Are women truly more likely to exercise CVE effects if empowered economically, politically, and socially? There are myriad development and CVE-specific programs already in place doing impressive work on women’s empowerment, education, and in various CVE efforts as well as VE activities. Let’s leverage these programs by funding adequate monitoring and evaluation studies. These studies can and should include interviews and other examinations of how these programs have (or have not) changed how women relate to their social networks and elicit any potential interactions with extremist ideologies or persons showing signs of radicalization.
To what degree do women pass on peacebuilding abilities and to whom? Many researchers claim women are more likely to pass along peacebuilding skills and promote alternative solutions to violence. If so, to what degree do they surpass men in this area (probably significantly in many cases, but that cannot be said for certain without adequate data). This point brings up a second issue: if women are already better suited to spreading peacebuilding practice, should efforts not focus on the other gender? Does programming need to focus on how to make men more receptive to women’s peacebuilding efforts in the first place? Or is it enough to empower women in this role and let the men sit as a constant, not a variable, in this equation?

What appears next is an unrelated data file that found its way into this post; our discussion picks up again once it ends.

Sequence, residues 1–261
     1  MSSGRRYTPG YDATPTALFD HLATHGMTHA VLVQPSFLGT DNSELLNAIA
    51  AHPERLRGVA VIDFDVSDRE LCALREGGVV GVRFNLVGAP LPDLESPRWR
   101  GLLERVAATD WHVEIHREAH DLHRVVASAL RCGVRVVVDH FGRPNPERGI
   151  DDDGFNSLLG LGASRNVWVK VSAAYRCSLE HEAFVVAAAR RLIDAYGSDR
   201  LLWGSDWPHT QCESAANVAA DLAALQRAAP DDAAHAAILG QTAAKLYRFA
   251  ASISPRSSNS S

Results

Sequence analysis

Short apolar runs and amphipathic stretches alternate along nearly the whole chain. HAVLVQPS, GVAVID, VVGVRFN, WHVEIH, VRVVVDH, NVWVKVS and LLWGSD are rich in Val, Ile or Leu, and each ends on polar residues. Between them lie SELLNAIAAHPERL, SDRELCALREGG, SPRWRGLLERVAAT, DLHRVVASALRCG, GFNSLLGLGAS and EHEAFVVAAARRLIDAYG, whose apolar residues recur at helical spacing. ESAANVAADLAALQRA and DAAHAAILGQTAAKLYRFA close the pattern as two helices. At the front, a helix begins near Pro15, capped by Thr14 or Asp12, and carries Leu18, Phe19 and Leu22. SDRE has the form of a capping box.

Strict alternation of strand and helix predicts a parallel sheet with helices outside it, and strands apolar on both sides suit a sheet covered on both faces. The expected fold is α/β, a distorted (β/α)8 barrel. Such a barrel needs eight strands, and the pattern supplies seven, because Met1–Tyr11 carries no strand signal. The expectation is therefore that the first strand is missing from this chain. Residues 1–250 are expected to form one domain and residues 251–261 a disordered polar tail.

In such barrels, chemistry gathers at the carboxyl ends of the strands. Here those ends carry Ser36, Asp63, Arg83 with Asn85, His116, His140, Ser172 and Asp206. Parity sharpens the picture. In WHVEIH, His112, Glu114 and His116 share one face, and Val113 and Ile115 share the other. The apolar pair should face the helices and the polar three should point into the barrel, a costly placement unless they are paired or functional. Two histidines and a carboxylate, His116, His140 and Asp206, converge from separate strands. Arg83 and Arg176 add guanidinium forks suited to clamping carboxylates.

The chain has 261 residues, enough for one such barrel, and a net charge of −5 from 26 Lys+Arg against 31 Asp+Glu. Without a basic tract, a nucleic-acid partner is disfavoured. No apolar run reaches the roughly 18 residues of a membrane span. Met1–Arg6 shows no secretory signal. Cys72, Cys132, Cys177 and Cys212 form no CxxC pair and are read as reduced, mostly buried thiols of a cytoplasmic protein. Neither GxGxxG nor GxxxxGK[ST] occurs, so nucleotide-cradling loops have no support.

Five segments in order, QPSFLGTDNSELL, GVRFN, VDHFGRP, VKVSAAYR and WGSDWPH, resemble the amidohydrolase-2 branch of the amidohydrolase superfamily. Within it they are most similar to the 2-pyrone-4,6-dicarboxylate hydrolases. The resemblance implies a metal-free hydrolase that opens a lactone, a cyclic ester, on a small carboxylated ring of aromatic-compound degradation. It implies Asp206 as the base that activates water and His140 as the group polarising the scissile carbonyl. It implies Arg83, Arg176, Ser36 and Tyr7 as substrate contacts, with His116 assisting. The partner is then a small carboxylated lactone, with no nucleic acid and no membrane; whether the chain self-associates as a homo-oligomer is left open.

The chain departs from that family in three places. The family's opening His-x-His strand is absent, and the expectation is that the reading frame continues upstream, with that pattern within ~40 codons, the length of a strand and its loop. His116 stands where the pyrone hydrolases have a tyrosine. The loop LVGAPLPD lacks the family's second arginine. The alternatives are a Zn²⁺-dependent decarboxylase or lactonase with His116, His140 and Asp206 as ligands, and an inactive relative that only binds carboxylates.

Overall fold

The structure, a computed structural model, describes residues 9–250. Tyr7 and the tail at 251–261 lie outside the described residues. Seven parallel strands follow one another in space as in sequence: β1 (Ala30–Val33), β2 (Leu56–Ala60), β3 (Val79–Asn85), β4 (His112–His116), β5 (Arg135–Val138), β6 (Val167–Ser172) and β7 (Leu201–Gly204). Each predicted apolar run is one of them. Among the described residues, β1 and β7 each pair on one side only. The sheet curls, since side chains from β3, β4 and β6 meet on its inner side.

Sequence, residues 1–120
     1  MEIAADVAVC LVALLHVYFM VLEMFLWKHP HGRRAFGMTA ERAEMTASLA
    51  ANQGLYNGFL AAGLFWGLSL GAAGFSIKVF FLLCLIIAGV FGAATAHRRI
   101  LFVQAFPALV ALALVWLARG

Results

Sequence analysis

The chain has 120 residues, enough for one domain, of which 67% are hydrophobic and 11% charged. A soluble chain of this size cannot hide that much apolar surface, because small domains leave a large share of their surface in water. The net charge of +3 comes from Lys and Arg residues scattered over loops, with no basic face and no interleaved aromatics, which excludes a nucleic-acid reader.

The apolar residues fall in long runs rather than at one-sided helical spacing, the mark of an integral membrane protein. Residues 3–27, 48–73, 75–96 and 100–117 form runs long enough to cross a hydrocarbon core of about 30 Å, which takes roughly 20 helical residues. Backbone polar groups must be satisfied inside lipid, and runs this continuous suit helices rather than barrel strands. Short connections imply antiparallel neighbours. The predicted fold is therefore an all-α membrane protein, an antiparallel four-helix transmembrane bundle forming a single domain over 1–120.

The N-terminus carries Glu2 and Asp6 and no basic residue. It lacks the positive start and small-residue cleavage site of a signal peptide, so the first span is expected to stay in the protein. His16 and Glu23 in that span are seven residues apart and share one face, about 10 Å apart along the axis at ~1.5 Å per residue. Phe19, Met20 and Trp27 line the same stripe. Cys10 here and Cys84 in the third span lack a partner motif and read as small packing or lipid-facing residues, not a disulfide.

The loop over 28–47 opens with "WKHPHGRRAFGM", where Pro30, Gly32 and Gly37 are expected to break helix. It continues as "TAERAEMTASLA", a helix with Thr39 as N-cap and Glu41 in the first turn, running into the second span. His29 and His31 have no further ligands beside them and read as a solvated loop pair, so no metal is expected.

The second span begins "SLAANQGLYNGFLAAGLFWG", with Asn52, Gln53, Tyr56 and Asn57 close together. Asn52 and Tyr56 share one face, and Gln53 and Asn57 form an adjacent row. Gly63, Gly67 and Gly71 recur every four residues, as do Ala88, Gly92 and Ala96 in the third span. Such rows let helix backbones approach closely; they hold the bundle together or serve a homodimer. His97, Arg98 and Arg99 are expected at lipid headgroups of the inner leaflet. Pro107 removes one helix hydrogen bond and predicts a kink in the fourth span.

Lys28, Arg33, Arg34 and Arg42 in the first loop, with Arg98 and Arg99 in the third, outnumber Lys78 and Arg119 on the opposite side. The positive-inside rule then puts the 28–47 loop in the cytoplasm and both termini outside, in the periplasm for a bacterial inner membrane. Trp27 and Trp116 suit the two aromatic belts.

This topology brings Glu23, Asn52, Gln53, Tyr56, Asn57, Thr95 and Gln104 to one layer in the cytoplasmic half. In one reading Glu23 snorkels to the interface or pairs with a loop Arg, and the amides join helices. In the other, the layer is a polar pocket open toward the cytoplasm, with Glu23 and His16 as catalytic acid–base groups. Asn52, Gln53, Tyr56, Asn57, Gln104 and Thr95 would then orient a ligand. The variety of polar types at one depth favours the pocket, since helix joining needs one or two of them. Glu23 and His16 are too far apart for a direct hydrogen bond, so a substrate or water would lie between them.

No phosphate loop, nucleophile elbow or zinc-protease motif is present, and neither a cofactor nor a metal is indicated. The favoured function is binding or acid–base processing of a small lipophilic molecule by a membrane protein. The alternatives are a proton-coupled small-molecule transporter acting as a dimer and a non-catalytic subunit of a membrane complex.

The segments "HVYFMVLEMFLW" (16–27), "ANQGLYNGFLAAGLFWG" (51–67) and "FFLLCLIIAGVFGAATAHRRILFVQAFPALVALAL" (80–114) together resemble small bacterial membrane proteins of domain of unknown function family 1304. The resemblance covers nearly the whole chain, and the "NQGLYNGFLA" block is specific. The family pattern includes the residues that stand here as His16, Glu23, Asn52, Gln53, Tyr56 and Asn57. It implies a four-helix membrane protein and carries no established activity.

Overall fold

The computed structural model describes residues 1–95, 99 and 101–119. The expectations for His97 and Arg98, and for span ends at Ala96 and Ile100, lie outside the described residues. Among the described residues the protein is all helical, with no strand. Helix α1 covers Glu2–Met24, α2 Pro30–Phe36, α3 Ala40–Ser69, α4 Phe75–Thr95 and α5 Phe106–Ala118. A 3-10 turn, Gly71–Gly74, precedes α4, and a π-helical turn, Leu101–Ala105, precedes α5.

Finally, if radicalization is a multifaceted process (a conclusion which does have significant supporting evidence, both quantitative and qualitative), at which facets are women most successful at intervening and derailing the radicalization process? This research will likely require a longitudinal study and significant patience. It will need to look across a range of programs and CVE efforts in multiple countries and regions. Comparative data will be difficult to gather. As there is no such thing as “proving a negative,” the problem of how to show that people are notturning to violent extremism due to CVE efforts becomes a difficult one to solve. There is a potential solution, however:
Thus far CVE studies have strongly focused on identifying the push/pull factors of radicalization. This approach seems obvious: find out what makes people radicalize to the point of violence, then attempt to interdict these factors at various points along the timeframe of radicalization. This approach of trying to inhibit every factor of radicalization, or to detect radicalization as it is occurring, has thus far proven only partially successful at best in relatively stable environments. Perhaps a new approach is needed.